To our knowledge, this is the first large RCT to compare two different variants of needle-knife papillotomy. The successful cannulation rate was similar in both groups with an average of 87.8%. Moreover, post-ERCP complications rate was also similar, and r-ITP was not shown to decrease the risk of PEP or bleeding. But interestingly, the overall rate of complications was markedly low: only five patients (3.6%) developed mild-moderate PEP. This low rate as compared to other similar studies, including the pilot study by Park et al. [8] that had a 20% PEP rate, might be attributed to several factors. For instance, a senior endoscopist performed all the procedures and no fellows/trainees were involved in our study. An NSAID suppository was routinely given to all patients, which is known to significantly reduce PEP [20]. Moreover, a prophylactic PD stent was inserted in 10.8% of cases. A recently published systematic review [21], including 18 studies, showed that: pancreatic stent insertion reduces the risk of PEP 13.3%. Recently, Zagalsky et al. [22] reported on the use of early precut sphincterotomy or alternatively pancreatic stent placement for PEP prevention in 100 high-risk patients. PEP rates were similar in the two groups (3.9% versus 4%). No cases of perforation were noted and only two patients had mild controllable bleeding, suggesting that NKS is a generally safe modality when used cautiously.

Our study has several limitations. The endoscopist was not blinded to the modality used due to the visible characteristic needle tip that can be seen during the procedure, which might lead to a preferential bias. We did not calculate the time needed to achieve successful cannulation after randomization, which might affect the risk of PEP. However, the rate of complications in this study was already low. Another limitation was that this was a single-center study, performed by a single expert operator, which makes it difficult to generalize these results to academic or smaller institutions. Furthermore, the endoscopist (H. Senturk) expressed a subjective sense of comfort and safety while using a round insulated tip. The statistical difference between the two groups concerning the efficacy and safety would have been more evident in favor of one of them if used by a less experienced endoscopist.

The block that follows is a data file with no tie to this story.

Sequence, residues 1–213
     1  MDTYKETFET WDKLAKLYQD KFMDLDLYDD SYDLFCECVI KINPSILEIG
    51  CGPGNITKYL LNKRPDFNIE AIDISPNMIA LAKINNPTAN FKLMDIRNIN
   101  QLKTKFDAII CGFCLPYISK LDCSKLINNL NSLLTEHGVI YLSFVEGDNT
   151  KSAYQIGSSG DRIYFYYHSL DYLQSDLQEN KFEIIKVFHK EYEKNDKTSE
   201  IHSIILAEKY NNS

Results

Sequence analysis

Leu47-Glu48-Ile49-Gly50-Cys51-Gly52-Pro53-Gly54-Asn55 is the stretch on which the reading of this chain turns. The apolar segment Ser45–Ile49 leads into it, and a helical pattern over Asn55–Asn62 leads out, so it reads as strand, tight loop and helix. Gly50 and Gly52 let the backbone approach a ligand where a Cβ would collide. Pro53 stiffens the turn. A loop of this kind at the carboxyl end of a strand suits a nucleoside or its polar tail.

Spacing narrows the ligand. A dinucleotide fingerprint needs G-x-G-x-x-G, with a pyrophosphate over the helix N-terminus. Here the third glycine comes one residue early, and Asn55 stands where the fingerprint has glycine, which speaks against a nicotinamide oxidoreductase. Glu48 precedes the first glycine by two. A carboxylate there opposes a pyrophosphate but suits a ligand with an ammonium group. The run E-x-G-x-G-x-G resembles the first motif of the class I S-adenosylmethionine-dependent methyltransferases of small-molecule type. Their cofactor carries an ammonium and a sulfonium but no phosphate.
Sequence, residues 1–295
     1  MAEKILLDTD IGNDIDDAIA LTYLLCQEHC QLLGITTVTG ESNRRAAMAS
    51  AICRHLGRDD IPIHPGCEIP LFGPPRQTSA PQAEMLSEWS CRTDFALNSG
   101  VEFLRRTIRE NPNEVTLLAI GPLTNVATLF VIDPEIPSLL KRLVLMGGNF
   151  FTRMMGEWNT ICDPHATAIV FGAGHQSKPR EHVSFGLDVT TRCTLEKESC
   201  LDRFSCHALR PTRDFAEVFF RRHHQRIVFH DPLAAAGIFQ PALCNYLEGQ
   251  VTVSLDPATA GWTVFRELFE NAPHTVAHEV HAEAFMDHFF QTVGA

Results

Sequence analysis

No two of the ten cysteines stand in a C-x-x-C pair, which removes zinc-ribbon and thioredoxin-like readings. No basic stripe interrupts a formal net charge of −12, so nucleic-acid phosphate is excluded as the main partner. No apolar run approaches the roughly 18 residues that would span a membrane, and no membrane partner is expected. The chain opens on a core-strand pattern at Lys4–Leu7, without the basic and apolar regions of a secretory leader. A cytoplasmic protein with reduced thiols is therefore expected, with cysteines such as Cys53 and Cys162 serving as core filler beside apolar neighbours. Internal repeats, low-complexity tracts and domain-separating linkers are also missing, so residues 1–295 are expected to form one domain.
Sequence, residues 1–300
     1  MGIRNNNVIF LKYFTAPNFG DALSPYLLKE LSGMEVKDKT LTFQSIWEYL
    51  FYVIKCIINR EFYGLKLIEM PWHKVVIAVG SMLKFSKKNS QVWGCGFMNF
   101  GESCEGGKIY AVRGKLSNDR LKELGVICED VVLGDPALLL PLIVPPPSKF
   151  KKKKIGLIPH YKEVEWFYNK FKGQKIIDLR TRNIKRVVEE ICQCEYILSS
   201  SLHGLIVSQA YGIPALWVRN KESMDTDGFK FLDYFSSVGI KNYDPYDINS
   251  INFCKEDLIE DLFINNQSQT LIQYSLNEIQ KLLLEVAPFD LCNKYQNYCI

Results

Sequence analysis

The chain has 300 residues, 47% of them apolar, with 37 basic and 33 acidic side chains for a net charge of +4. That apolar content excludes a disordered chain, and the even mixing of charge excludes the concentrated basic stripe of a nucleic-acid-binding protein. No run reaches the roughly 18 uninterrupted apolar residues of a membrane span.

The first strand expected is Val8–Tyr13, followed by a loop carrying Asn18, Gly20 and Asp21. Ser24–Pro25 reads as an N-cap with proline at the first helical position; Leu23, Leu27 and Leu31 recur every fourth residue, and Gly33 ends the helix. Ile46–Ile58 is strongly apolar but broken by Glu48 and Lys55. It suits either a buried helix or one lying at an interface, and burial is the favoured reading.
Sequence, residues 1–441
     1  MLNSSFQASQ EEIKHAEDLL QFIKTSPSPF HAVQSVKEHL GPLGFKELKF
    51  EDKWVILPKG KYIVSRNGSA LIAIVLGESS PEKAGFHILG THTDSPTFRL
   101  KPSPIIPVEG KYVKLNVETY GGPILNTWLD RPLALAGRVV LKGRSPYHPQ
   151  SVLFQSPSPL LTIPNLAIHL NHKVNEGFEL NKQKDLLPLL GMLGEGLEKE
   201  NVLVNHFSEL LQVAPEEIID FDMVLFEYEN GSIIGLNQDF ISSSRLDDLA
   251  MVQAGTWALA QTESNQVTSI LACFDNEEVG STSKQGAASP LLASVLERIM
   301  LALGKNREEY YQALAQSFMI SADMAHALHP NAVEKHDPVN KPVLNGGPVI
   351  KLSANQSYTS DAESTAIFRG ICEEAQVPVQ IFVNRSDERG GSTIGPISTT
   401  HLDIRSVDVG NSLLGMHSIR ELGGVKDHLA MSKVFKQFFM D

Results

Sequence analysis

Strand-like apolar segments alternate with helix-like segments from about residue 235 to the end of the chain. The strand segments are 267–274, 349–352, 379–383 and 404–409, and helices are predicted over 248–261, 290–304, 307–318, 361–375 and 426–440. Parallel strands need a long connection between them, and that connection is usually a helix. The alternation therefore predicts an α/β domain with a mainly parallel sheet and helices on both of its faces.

5. Conclusion

In conclusion, early precut sphincterotomy seems to be a very safe modality to enhance cannulation success, especially when used in combination with other prophylactic measures. Round insulated tip papillotome was not shown to be superior to NKS in terms of successful cannulation and post-ERCP complications. However, it remains a simple, safe, and efficacious alternative. Further larger studies in academic centers with less experienced operators might be needed.

Conflict of Interests

The authors declare that there is no conflict of interests regarding the publication of this paper.

Authors’ Contribution

Hakan Akin, Hakan Senturk contributed to the concept of the study; Hakan Akin, Hakan Senturk participated in the design of the paper; Birol Baysal, Hakan Akin, and Ali Tüzün İnce managed the resource of the paper; Birol Baysal, Hakan Akin, and Hakan Senturk were responsible for the materials of the paper; data collection/processing was done by Birol Baysal, Hakan Akin, Omar Masri, and Ali Tüzün İnce; analysis/interpretation was done by Birol Baysal, Hakan Akin; literature search was done by Birol Baysal, Hakan Akin, Omar Masri, and Ali Tüzün İnce; Birol Baysal, Hakan Akin, Omar Masri, and Hakan Senturk contributed to the writing of the study; critical review was done by Hakan Senturk.